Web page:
Seriously, units tests are the only thing that gives a new contributor confidence that they can kill it (not the kitten), build feature after feature, refactor and be productive. You may be able to get by as a solo developer without unit tests, but you’re still just “getting by”. “Getting by” means making changes, breaking things, and then going back and fixing things. This flow requires your whole codebase to be in your head in order to make sure you accounted for everything. If you wrote the whole codebase, then you’re lucky to know how it all works, and you can get by. Now imagine if *you* are just getting by, then how will an outsider feel when trying to make contributions to your project? Having unit tests is an imperative piece of the puzzle!

The Less Obvious Tips

Here are some tips that are less known.


A troubleshooting guide helps cover all of those odd cases that make it difficult to install a new tool, or get your environment setup just right. Basically, anything that might go wrong with setting up your environment, capture the issue and resolution in a TROUBLESHOOTING document. It’s life, sometimes tools that we use don’t work right all of the time. Let’s at least compile a list of those issues, so that new contributors can quick understand and get past them. You’ll be suprised how often you’ll reference the guide even though you may be the person that added that specific issue+resolution.


Github Pull Requests integrate with a CONTRIBUTING file, calling out your contributing guidelines every time you make a pull request. Traditionally this information would go in the README, but having it separated out into a CONTRIBUTING file helps create focus on what exact requirements are expected of a contribution. Since the guide is flashed to the user at strategic points in the process, it helps increase the chance that your contributing guide is noticed and executed by the contributor.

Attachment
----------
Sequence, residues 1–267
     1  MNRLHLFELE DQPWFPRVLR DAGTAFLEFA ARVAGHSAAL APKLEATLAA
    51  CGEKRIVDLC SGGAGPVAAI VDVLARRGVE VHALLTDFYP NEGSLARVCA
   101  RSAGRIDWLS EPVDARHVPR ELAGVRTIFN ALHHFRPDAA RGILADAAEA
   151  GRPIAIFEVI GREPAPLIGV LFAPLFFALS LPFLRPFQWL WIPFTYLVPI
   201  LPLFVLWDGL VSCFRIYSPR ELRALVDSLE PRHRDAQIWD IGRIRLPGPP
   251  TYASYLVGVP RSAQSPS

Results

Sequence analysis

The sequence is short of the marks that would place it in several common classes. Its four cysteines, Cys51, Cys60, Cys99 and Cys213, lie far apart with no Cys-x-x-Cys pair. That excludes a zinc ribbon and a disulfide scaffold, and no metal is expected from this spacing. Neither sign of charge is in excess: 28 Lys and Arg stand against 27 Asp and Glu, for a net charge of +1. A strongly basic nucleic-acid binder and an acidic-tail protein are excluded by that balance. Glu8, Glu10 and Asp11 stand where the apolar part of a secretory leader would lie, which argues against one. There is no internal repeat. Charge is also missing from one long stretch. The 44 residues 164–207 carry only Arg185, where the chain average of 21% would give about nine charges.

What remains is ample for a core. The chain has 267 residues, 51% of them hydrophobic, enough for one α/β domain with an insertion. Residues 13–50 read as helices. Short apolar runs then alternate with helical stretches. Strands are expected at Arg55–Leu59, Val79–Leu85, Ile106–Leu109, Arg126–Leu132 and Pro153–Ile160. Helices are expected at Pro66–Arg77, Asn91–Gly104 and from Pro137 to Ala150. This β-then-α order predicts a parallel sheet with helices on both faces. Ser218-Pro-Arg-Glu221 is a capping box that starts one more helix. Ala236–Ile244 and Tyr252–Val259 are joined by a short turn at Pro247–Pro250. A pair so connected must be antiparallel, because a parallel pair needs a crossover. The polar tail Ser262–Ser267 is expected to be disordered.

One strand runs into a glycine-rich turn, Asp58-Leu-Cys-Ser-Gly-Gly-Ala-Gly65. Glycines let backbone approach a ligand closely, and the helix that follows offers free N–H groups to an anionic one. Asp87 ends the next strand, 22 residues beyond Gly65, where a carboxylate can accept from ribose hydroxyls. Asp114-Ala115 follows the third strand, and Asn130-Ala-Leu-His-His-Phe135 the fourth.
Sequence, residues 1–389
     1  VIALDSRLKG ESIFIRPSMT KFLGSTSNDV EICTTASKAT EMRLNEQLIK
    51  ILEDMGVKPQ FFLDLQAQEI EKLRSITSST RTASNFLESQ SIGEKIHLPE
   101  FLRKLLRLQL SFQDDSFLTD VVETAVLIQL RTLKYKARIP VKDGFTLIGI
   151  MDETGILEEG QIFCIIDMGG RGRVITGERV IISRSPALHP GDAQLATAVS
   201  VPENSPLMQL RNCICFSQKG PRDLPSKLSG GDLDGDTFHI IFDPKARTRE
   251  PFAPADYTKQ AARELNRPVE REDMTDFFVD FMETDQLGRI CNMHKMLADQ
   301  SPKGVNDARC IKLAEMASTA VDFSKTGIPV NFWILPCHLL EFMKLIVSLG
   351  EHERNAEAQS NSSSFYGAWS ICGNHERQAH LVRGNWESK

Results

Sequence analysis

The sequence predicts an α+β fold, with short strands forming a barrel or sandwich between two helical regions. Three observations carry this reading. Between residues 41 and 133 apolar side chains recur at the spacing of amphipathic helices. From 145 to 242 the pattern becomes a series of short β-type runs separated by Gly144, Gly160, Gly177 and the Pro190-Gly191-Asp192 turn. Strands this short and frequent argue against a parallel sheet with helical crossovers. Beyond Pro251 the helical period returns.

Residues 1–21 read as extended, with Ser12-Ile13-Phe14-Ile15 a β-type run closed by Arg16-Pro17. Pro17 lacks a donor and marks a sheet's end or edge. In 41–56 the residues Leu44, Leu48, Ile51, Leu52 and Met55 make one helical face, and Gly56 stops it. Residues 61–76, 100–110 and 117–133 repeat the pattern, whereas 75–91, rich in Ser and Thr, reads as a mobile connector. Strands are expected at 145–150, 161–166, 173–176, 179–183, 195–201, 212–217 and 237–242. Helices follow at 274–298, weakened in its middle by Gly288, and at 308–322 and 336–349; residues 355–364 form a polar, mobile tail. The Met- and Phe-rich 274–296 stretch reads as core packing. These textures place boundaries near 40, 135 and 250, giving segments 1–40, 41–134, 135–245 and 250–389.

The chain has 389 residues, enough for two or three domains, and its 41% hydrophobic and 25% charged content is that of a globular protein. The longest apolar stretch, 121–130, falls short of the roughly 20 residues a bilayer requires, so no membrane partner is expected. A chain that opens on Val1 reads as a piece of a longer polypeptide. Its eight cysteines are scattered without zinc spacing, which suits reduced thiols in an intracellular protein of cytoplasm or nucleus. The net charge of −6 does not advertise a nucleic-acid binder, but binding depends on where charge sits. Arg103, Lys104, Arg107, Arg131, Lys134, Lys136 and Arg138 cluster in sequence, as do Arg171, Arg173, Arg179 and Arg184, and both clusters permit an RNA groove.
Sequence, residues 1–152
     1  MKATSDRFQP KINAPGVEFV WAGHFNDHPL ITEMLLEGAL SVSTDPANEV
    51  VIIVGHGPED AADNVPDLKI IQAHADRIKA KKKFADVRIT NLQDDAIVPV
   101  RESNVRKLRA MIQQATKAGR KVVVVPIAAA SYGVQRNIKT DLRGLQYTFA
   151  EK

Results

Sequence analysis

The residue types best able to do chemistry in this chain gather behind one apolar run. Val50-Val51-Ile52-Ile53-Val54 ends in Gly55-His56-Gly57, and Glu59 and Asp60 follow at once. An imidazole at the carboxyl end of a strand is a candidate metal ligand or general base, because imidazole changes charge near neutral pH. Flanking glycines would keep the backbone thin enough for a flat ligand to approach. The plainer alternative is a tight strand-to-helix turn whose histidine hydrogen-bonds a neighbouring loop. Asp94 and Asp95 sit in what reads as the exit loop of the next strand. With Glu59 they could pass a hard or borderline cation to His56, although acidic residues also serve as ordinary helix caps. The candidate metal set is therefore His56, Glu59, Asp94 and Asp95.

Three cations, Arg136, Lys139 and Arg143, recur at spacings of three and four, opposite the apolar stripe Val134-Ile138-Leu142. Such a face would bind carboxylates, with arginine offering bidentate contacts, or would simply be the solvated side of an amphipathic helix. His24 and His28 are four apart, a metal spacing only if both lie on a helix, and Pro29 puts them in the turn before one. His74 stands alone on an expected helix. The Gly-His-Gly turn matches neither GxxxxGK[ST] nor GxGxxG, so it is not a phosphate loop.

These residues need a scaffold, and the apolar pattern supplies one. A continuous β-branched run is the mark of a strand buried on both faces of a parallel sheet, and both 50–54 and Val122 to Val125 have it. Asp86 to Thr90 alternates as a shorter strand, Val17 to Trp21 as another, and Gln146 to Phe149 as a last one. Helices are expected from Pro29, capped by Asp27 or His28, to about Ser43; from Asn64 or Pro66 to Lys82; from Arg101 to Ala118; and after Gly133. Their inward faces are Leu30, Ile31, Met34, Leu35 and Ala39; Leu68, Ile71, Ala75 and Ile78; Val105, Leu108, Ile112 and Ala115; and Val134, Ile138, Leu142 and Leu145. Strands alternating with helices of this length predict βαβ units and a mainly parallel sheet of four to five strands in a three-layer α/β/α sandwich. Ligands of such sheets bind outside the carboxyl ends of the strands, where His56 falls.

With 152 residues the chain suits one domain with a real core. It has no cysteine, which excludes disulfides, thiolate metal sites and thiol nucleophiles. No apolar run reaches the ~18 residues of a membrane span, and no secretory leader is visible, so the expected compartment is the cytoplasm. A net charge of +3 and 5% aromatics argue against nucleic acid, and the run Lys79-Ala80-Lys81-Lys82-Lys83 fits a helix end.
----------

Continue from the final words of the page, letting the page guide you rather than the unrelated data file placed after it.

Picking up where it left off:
Some topics that you can add to the CONTRIBUTING guide:

  • Style guides.
  • Testing requirements (e.g. a minimum thresdhold for test coverage).
  • What to try before submitting an issue.
  • How to write up an issue (e.g. require reproducible steps to recreate the issue).

Explain your Task Management Tasks

I’m referring to makefiles, rakefiles, gruntfiles, gulpfiles, etc.

Whatever task management tool you use, treat its stucture with the same care you would treat your production code or README. Contributors will need to grok it as easily as they need to grok your code. If you have a lot of tasks and it’s overwhelming how they all related to each other or what purposes they serve, add a section to the README that summarizes the important parts and what scnerios they’re used in. Less documentation is more, so be selective about what really needs to be explained.


There will never be a complete list of tips for every situation. So get creative. The goal is to reduce the amount of time it takes a contributor to setup the project in a local development environment. The measure of success is how quickly they can understand and navigate your codebase, and make their first contribution.